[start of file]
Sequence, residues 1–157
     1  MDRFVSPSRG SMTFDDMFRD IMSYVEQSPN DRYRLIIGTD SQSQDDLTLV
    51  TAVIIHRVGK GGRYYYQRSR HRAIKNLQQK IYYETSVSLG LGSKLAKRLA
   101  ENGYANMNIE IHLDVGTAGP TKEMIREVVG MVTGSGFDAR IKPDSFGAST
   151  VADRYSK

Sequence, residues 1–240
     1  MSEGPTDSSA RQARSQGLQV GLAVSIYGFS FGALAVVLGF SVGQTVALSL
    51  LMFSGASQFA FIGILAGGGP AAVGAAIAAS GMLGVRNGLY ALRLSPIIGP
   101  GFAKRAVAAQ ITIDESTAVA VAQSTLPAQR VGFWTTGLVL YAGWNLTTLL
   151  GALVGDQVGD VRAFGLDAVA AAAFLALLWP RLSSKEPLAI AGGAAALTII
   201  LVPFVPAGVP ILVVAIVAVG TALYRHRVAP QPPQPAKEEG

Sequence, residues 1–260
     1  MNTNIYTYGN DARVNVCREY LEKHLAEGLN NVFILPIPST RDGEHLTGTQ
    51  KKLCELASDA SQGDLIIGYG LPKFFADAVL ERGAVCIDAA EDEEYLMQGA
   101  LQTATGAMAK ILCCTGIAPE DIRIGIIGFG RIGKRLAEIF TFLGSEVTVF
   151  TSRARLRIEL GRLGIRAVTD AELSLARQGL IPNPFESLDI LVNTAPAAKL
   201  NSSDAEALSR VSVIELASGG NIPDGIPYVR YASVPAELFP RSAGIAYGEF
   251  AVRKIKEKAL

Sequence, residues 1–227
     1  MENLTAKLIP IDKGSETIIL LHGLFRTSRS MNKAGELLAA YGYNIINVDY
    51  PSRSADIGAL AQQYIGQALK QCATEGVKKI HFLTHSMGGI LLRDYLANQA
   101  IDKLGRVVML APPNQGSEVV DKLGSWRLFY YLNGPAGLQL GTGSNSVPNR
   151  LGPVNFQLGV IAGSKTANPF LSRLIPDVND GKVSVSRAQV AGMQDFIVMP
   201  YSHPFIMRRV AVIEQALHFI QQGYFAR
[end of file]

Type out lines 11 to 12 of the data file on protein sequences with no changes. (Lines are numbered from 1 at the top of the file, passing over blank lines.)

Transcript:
   201  LVPFVPAGVP ILVVAIVAVG TALYRHRVAP QPPQPAKEEG

Sequence, residues 1–260